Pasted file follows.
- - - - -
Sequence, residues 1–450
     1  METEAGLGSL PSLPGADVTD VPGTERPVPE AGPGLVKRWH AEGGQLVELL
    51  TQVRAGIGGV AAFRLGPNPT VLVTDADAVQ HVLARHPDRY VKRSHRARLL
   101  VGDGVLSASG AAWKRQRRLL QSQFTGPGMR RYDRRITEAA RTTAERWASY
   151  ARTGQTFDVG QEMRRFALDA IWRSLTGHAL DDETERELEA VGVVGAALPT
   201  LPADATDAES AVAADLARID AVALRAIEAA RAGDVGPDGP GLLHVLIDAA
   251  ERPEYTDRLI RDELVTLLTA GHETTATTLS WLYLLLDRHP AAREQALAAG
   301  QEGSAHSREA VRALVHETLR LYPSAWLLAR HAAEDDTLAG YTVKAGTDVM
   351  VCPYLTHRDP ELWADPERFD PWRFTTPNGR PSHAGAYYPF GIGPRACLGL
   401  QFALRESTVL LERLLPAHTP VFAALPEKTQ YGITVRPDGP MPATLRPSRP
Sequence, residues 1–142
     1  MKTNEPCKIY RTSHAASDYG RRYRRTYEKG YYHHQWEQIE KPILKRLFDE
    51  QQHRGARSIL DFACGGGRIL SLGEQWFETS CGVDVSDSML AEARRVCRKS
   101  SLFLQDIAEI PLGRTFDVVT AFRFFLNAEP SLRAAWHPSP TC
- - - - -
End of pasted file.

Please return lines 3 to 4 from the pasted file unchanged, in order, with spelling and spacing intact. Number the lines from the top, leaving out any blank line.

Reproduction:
    51  TQVRAGIGGV AAFRLGPNPT VLVTDADAVQ HVLARHPDRY VKRSHRARLL
   101  VGDGVLSASG AAWKRQRRLL QSQFTGPGMR RYDRRITEAA RTTAERWASY